A number of cities, towns and villages across England had a 'Frog Street' or 'Frog Lane', including London, Sheffield, Trowbridge, Lichfield, Worcester, Bristol, Swansea, Minehead, Cannington and the nearby market town of Tiverton.
In many instances the streets were located close to water, either mill ponds, rivers or lake. The example in Tiverton is near the moat of the castle and the watery connection seems to appertain to the example in Exeter too as Frog Street was located very close the medieval bridge that once spanned the river Exe and surrounding marshes.
The watercolour of c1900, above left, shows the entrance into Frog Street from Edmund Street. At the end of the 19th century the street retained much of its medieval appearance and a remarkable number of timber-framed properties still existed from the 15th, 16th and 17th centuries.
During the Middle Ages the marshy ground was gradually reclaimed and became known as Exe Island. As Hoskins says, "before that [Frog Street] was simply the swampy bank of the wider river Exe, frequented by frogs which gave their name to the new medieval street." Archaeological evidence proves that until the 1960s Frog Street had been continuously inhabited since at least the 13th century. One particularly large assemblage of medieval pottery discovered on the site of the tenements that once fronted onto Frog Street dates to c1230.
The illustration, right, is based on an 1851 drawing by George Townsend. It shows the view from inside Frog Street looking out towards Edmund Street. The house with the cockloft window in the roof, far left, is the same one visible to the left in the image at the top of this post and eventually became known as 'The House That Moved'. The four gabled houses almost certainly dated to the 1500s, their timber-framing hidden behind rendered facades. They were demolished c1870.
The postcard view below left, dating to the 1930s, shows that between 1900 and 1930 many of the timber-frame properties have been demolished, probably as a result of the slum clearance initiative that laid waste to medieval architecture in Stepcote Hill, Paul Street, Smythen Street and Preston Street. At least three remained in Frog Street though, the house on the left, (formerly 16 Edmund Street and later known as The House That Moved), the jettied three-storey house halfway down on the right, dating at least to the 1500s and another 16th century property out of view at the end of the street. In the early 1960s pressure from local archaeologists forced the City Council to relocate No. 16 Edmund Street when the decision was made by the Council to drive an inner bypass road through the city's old West Quarter. No. 16 was duly moved to its new position on West Street, unfortunately the other buildings weren't so fortunate.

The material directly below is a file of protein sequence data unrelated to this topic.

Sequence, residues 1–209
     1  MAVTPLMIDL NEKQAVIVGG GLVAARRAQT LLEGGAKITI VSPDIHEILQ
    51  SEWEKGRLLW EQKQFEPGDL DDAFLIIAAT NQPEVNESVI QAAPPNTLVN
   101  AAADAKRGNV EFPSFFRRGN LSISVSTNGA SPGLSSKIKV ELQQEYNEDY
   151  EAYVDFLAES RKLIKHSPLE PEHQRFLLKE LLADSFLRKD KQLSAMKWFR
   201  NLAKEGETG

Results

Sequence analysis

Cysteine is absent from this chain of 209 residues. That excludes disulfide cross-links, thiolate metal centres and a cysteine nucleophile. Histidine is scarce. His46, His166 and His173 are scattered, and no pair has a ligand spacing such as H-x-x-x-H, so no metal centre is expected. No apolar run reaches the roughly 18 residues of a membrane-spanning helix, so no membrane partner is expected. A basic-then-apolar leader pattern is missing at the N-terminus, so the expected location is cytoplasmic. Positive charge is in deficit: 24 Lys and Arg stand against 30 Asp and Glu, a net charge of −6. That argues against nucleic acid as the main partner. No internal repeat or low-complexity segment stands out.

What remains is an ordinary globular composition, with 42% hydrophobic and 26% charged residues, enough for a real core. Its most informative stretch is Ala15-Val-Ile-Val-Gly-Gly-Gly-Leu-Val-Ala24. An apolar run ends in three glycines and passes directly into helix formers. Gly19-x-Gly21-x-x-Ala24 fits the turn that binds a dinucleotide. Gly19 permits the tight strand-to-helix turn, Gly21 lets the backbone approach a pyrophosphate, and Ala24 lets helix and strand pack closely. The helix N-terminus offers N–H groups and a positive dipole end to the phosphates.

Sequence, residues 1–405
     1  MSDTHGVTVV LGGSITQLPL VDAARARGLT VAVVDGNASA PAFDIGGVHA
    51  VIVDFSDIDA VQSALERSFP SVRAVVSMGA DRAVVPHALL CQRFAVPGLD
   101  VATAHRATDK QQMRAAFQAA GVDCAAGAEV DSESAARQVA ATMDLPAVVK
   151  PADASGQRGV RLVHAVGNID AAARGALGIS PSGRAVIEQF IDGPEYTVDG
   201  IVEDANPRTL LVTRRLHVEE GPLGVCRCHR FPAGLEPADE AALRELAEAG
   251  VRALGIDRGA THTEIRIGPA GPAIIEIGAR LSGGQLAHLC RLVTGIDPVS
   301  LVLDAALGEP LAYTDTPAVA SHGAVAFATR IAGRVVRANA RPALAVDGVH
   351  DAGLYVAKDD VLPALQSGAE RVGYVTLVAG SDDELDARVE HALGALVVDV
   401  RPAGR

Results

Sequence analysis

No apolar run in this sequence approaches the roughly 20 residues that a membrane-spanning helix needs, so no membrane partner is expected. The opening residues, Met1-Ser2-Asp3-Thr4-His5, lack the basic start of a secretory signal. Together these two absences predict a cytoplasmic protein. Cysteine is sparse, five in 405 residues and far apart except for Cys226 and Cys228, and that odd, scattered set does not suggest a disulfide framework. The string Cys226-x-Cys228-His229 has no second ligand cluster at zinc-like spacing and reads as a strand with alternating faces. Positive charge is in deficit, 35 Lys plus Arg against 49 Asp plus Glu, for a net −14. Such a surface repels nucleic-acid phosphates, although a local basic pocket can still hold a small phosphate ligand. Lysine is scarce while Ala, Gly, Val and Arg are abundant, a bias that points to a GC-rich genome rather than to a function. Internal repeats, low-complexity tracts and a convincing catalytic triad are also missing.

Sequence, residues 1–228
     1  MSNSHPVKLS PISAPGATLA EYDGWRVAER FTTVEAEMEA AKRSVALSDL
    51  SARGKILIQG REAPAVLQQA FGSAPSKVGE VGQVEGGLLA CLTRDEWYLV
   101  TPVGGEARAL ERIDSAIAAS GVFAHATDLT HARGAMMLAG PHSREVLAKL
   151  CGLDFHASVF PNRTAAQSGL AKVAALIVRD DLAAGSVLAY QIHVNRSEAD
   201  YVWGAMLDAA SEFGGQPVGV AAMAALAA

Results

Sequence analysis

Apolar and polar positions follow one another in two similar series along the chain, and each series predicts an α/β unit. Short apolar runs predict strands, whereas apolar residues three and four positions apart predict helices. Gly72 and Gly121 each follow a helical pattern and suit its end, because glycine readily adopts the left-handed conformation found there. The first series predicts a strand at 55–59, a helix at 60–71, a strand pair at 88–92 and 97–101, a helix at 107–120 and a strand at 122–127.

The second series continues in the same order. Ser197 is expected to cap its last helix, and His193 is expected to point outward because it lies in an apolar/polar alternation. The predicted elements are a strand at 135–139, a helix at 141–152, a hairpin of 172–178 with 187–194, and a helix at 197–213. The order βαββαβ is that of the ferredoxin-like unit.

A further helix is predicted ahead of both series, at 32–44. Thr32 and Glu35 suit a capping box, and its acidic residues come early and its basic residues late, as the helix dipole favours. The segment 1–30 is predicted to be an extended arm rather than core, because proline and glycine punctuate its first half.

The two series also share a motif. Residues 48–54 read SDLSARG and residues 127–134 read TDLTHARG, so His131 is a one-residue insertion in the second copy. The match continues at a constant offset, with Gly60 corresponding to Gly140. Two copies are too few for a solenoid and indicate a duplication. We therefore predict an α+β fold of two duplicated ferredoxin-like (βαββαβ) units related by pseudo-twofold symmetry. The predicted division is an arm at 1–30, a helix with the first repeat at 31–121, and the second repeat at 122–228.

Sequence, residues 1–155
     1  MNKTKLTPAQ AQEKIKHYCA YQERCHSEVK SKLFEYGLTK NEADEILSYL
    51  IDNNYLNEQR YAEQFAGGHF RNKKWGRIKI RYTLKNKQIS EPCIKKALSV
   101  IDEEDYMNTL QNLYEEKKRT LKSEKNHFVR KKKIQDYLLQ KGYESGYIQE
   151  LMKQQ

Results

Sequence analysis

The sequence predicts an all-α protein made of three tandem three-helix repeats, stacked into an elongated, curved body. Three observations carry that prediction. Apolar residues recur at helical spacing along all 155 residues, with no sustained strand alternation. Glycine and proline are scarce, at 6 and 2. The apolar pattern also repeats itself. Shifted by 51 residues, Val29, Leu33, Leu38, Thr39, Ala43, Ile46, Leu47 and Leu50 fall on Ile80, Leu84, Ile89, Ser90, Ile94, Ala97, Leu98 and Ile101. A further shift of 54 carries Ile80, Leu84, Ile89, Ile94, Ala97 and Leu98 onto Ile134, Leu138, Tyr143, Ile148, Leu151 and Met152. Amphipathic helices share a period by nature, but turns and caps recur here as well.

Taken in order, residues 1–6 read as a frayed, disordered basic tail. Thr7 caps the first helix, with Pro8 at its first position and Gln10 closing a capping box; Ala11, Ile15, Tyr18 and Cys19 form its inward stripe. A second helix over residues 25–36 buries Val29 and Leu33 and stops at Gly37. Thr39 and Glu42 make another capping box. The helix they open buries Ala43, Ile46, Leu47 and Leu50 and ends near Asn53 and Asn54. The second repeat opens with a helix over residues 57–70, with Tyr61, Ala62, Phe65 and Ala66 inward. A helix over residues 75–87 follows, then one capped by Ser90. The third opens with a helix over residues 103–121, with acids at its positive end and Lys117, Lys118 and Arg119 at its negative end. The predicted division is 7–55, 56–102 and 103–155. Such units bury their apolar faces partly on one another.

No. 15 Frog Street, a two-storey timber-frame house from c1570 with an over-sailing upper floor was demolished and the rest of Frog Street was bulldozed out of existence, along with Edmund Street, most of West Street, most of Tudor Street, most of Coombe Street, and a huge swathe of 17th and 18th century properties at the entrance into South Street at Magdalen Street and Holloway Street, to name just a few of the affected areas; and this was after the huge demolition and redevelopment of the slum clearances of the 1930s and after the massive destruction and reconstruction of World War Two.
It is easy to understand why so little of Exeter's historic cityscape made it into the 21st century. Four waves of demolition washed over the city from 1900 to 1980 involving slum clearances, World War Two bombing, post-war rebuilding and post-war redevelopment in the 1960s and 1970s. The problem was that each of these phases affected different parts of the city. For example, the areas most affected by the slum clearances were also the areas which escaped the Blitz of 1942 largely unscathed. A more difficult question to answer is exactly how it was allowed to be lost in the first place as Exeter has been subjected to the sort of almost total clearance usually associated either with Haussmann's Paris, Ceausescu's Bucharest or with certain old towns which fell into Communist hands at the end of World War Two.
The map below shows a modern aerial view of Frog Street's former location overlaid onto which is a street map of 1905. It shows a tiny portion of the area which was demolished to build the inner bypass and the Exe Bridges road and river management system. The only surviving remnant of Frog Street today is the relocated house in West Street. Formerly No. 16 Edmund Street, its original location is highlighted in purple. Its present location is highlighted in yellow. The rest of Frog Street sits underneath a twin-lane carriageway. The section of the inner bypass which replaced the ancient street is still called Frog Street. What an insult to its medieval forerunner!!